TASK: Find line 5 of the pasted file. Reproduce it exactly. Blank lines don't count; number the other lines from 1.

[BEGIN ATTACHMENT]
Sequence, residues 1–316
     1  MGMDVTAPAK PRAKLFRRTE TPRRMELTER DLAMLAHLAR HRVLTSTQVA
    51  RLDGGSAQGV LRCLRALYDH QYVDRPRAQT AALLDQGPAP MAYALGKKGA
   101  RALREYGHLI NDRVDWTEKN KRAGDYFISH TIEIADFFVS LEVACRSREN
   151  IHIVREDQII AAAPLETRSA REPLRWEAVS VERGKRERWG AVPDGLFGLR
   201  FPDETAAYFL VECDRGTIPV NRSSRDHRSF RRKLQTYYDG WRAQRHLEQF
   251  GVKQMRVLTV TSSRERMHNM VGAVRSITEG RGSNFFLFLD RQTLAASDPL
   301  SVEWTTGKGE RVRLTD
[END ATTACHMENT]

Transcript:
   151  IHIVREDQII AAAPLETRSA REPLRWEAVS VERGKRERWG AVPDGLFGLR